AFFIXING ITEMS TO TREES, they call it.
AFFIXING ITEMS TO TREES, they call it.
Is there a 5 MPH speed limit for RPD vehicles on paved paths in the parks of SF?
I think so.
All right, here are the two photos – they were taken at least a sixth of a second apart, you kids do the math:
Oh wait, Gentle Reader, I’ll do the math and I’ll do it without Roman numerals. Today’s lesson is brought to you by the numbers Nine, Five and Six:
Nine feet per second > Five miles per hour, right? [Trust me, Gentle Reader.]
And my aging SLR camera takes shots at Six frames per second maximum.
So Nine feet per second divided by Six frames per second equals one point five feet of movement per frame, exactly.
See how that works? If this truck can be seen to be moving more than 1.5 feet per frame then that means it was moving more than 9 feet per second and that means it was moving more than 5 MPH and that means that it was speeding per RPD policy, right?
I’ll note that this is the Panhandle “bike path,” which some people don’t even consider a part of Golden Gate Park – perhaps the rules are different here? IDK.
And perhaps “GPS records” would indicate that this truck was merely going 3 MPH. If that were the case, then I’d know that RPD was mistaken. Or lying. Again.
Your pick, Gentle Reader.
Of course, nobody died here and it’s not like this truck was going 15 MPH down the Panhandle bike path on a rainy night. But RPD workers violate RPD rules all the time, right? So, what to do?
Some race car drivers have a speed limiter button to use while pitting. As long as it’s engaged, then a racecar can’t go more than, say, 15 MPH or something, you know, for crew safety, even though the gas pedal is mashed all the way down. Could something like this work for the speeding workers of the RPD? IDK. Implementing a program like this would be expensive, but, of course, letting RPD workers speed along has been expensive and problematic and tragic (in many ways, in many ways) up ’til now, right?
Well the slides at the Panhandle Playground have been replaced after three months of absence.
1. Perhaps the RPD spokesmodel meant that the entire slide complex was being repaired, as opposed to the $2000 plastic slide itself. I don’t think it would have made sense to repair the slide itself, due to liability issues for starters. This is a brand-new slide, one that’s similar enough to the original.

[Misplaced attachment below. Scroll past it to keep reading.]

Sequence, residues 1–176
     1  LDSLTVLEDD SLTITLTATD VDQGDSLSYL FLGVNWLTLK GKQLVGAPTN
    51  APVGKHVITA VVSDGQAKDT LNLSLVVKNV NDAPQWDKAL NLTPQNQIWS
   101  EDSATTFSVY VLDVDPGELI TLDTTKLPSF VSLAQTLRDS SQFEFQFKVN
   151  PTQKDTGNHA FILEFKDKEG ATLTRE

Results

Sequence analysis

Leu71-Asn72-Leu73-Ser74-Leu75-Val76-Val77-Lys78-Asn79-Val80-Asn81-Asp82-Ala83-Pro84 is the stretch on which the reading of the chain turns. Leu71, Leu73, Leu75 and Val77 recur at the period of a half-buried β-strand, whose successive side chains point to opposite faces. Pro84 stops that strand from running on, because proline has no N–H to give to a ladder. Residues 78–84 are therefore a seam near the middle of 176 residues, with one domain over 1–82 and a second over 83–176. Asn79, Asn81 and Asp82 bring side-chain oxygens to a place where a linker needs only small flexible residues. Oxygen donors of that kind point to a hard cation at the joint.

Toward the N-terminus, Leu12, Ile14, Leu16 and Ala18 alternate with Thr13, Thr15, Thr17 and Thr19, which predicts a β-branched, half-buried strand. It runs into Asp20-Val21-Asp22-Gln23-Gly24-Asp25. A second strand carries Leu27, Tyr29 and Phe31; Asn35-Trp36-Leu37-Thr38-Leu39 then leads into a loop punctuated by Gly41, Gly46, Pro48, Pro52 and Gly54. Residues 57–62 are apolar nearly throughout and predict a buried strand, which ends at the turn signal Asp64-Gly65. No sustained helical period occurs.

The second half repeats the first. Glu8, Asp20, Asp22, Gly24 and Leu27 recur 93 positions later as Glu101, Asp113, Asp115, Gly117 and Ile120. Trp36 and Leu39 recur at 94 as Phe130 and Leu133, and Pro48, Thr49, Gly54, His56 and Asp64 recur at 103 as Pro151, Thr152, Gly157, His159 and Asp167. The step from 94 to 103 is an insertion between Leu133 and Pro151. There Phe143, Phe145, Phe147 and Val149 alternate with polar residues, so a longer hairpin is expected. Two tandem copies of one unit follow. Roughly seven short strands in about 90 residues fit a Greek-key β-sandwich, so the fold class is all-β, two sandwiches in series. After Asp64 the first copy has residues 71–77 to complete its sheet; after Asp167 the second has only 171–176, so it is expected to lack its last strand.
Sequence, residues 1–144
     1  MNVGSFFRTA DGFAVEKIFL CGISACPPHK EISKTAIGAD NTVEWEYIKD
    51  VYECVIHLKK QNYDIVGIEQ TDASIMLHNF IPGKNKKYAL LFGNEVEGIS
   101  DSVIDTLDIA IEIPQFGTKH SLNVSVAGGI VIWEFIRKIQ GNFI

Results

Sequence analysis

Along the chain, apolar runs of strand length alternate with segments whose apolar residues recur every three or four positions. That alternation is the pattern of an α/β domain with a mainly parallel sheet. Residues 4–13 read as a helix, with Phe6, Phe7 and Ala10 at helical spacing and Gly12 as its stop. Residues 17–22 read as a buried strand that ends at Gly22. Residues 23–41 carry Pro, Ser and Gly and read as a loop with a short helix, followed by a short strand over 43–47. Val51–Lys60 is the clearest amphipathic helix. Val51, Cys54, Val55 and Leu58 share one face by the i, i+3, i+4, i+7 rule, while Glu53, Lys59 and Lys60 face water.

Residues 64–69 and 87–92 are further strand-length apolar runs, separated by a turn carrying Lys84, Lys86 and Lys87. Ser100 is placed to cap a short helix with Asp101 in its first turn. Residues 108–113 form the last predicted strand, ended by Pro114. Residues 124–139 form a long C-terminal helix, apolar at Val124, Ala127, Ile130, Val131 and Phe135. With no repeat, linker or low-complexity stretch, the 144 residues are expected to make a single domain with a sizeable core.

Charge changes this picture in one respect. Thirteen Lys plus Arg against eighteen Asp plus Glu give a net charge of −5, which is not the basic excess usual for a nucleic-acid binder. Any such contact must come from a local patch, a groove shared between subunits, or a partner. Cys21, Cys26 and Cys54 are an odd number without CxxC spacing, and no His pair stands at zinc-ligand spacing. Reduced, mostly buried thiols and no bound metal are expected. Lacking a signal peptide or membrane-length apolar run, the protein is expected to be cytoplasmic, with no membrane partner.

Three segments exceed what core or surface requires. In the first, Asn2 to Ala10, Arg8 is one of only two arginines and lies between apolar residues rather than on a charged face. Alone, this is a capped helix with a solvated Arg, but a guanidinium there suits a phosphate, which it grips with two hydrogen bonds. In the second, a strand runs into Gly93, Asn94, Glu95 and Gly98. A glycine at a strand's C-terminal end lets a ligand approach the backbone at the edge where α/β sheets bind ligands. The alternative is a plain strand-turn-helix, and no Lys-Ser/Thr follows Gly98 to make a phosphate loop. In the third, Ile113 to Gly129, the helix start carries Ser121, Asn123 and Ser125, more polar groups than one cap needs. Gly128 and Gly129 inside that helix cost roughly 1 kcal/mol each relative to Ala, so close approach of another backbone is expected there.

2. So some wealthy, non-profit people came by with clipboards to say that this particular playground currently earns a “D” grade? Well, OK fine, but if you talk to the people who actually use the place, they, more or less, give it an “A” grade, you know, except for the slide that wasn’t there all summer long. Mmmmm… What’s up with that?
3. Supervisor London Breed’s office was unresponsive to the email contact sent by a group of concerned parents, apparently. So she gets an “F,” or an Incomplete perhaps. (I’ve worked at two similar offices, with about ten or one hundred times as many constituents, and if the elected in charge found out about something like this then there’d be a 20-minute yell-fest and/or a passive aggressive note sent to a (lower-case “s”) supervisor to “fix this.”) So, obvs, a “communication issue” occurred, I just don’t know how common this is with her office.
4. RPD has a policy to not repair anything in a playground if it’s due to be revamped in the next two years? That’s my understanding. Does that mean that this playground won’t get revamped anytime soon? That’s my understanding. Why’s that? Read on, Gentle Reader.
5. What RPD really wants is area parents to get together to raise something on the order of [bites right pinkie finger] one million dollars, you know, the way they do things in rich areas of SF, like Sea Cliff (ala the new Mountain Lake) and Presidio Heights. Only then will RPD put your playground at the top of the fix-it list? OK fine. The funny thing is that most of the money that gets used to refurbish existing playgrounds is paid for by the non-rich, from some bond. But all this doesn’t matter for the playground at hand, because:
6. The slide vandalized in May 2014 has been replaced in September 2014 and the users are now satisfied. No $5,000,000 modernization from the RPD is needed, frankly. [Oh what's that, RPD - this old-school playground costs you a lot of coin to maintain? Well, then why don't you fix it up, RPD, you know, using the money we give you?]
And that’s the end of this story.
Or I suppose they’re really called “suction” hydrants:
Here’s the east end, with the McKinley Statue surrounded by traffic:
Of course the taggers are having a field day with these new signs in the Golden Gate Park Panhandle.*
And look at the goofy colors (are they plum red and plum purple?) that don’t match anything else: